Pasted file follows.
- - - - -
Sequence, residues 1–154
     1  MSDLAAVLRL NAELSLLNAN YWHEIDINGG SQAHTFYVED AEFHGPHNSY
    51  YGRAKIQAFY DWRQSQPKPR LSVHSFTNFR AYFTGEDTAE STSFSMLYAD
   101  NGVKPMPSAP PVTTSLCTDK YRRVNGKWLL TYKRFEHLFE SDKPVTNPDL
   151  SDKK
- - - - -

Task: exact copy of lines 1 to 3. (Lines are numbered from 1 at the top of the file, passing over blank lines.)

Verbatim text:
Sequence, residues 1–154
     1  MSDLAAVLRL NAELSLLNAN YWHEIDINGG SQAHTFYVED AEFHGPHNSY
    51  YGRAKIQAFY DWRQSQPKPR LSVHSFTNFR AYFTGEDTAE STSFSMLYAD